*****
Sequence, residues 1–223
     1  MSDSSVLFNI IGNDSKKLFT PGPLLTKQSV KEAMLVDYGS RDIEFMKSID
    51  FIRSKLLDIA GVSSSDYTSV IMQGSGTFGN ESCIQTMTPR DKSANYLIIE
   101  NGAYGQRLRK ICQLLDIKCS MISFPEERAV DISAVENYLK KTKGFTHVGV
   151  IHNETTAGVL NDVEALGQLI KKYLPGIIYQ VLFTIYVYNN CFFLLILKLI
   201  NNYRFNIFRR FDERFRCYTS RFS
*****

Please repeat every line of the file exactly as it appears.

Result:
Sequence, residues 1–223
     1  MSDSSVLFNI IGNDSKKLFT PGPLLTKQSV KEAMLVDYGS RDIEFMKSID
    51  FIRSKLLDIA GVSSSDYTSV IMQGSGTFGN ESCIQTMTPR DKSANYLIIE
   101  NGAYGQRLRK ICQLLDIKCS MISFPEERAV DISAVENYLK KTKGFTHVGV
   151  IHNETTAGVL NDVEALGQLI KKYLPGIIYQ VLFTIYVYNN CFFLLILKLI
   201  NNYRFNIFRR FDERFRCYTS RFS